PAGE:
A great poet once said, "Into each life a little hammering must fall" or that. Now, whether a poet actually said that or it's completely made up, it doesn't make it less true. Everyone will need a hammer at some point in their lives.

The most commonly used, and arguable most identifiable hammer is called a "claw hammer". It's "claw" portion is outstanding for pulling out crooked nails, prying up carpeting, paneling and such in a pinch.

It's extremely useful in the assembly and disassembly of anything bound together or better left smashed. Plus, it's been the weapon of choice for a thousand horror movies or more. What's not to love?

Without one, you'll be left searching for a hammer like object in the shape of a shoe, heavy lamp base or brick, all of which are extremely poor substitutes. A million cursing people with un-hung pictures and broken bookshelves can attest to that.

Who doesn't need a hammer; other than the owner of a hammer factory? Besides him, everyone else should have one. So, get one, a.s.a.p. You'll lead a happier more fulfilling life.

If you turn the volume down, this looks like an infomercial for a serial bludgeoner.

6. Screw drivers – flathead AND Phillips head

Screwdrivers, the workhorse cousin of the murder friendly ice pick. This tool would seem like a no-brainer to most, being that the entire universe is held together by screws. Still, it's surprising to find that people don't have one handy...or only own one type. That type? Fantastically, it's always, the opposite of what's needed. Damned Murphy's Law.

A Phillips screwdriver has a head with pointed edges in the shape of a cross. It neatly fits into the cross slots of it's Phillips screw counterparts.

It's flat head screwdriver partner has just that...a flat head. This type fits screws with just one slot across it's head.

Why do you need both? Because the world uses both...always. It likes to keep which one it currently favors a secret from you. As anyone who has had to repair an errant piece of anything...or baby crib; the screaming agony of not owning both will halt the progress of your life and leave you depressed in a fetal position.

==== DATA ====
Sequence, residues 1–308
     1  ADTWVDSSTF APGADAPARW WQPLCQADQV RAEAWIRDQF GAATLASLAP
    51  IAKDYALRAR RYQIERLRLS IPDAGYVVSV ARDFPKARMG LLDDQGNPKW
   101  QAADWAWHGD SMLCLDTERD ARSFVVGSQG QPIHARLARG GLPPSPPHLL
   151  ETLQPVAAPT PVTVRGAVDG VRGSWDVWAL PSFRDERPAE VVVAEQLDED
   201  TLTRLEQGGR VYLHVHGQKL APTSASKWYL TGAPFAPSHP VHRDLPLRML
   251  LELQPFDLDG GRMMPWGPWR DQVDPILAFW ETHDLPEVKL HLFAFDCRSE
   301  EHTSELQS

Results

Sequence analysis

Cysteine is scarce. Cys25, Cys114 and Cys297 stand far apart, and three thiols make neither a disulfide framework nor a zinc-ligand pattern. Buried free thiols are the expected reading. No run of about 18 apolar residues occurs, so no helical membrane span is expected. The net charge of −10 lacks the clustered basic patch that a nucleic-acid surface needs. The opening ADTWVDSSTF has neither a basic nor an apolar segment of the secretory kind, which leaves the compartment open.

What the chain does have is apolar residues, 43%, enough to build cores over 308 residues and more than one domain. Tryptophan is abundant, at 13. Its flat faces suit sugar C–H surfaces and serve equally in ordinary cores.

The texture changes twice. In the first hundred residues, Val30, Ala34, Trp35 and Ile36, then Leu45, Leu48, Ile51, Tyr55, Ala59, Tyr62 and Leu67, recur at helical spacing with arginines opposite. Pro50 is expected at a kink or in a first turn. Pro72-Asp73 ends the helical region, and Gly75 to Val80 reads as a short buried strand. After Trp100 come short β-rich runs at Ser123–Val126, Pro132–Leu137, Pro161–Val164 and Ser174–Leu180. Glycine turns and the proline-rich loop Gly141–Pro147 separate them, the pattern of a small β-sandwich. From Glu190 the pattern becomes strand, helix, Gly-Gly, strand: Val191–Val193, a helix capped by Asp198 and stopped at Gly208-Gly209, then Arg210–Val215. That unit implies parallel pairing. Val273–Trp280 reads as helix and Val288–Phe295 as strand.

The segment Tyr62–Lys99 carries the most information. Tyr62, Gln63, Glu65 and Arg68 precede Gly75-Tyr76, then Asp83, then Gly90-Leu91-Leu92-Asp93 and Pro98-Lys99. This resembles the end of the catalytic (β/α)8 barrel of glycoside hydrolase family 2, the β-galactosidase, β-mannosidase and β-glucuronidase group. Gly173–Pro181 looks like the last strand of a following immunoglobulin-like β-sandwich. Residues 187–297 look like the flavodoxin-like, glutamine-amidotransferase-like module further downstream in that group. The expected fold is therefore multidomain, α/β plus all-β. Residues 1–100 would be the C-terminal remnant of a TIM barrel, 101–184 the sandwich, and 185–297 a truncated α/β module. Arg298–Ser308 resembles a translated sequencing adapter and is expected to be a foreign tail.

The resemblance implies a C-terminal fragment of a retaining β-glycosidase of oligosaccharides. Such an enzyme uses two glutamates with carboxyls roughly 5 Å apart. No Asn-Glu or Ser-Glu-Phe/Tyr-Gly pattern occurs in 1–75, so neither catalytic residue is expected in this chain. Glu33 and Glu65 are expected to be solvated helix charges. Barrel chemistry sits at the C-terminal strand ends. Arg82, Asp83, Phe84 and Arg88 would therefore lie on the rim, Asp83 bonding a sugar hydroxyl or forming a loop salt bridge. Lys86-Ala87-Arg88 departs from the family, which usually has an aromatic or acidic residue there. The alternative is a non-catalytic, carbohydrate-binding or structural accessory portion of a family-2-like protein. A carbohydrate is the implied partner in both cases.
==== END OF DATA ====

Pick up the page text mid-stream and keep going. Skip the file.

So, it's best to stop those kinds of things before they happen. Do yourself a favor; get both (or a multi-set is even better).

Ladies and gentlemen, the fun filled world of screw drivers...

5. A socket wrench set

Many times during the course of living alone, you'll run across a bolt or nut that's begging for a good tightening or loosening, whatever you're into. Sometimes, that bolt or nut is going to need a little more "umph" than your reddening fingers can deliver or will be outside the operating parameters of an adjustable wrench that's always too big. Needless to say, it's just easier to grab a socket wrench, fit the right socket to it and have at that bolt.

Unfortunately, the bolt makers of the world and...the world in general can't agree on a "standardized way" to make bolts. So, there are two common types of measurement: standard (inches, foot, etc.) and metric (centimeters, millimeters, etc.). Naturally, there are also two types of sockets included in most sets. The more elaborate the set (and more expensive, usually) the more expansive the measurements it contains, of course.

A good mid-range set (price wise) is usually a great place to start. As with McDonalds chicken nuggets, a 20 piece is probably good to start with and might be all you'll ever need.

4. Pliers – needle nose and slip joint

As stated before, this list is far from comprehensive; to illustrate that, having just two sets of pliers is at most, extremely basic. In terms of plying...things, these two kinds are very adept at handling a lot of situations that call for a set of pliers. Be it holding a bolt in place or straightening wire, these would work fine.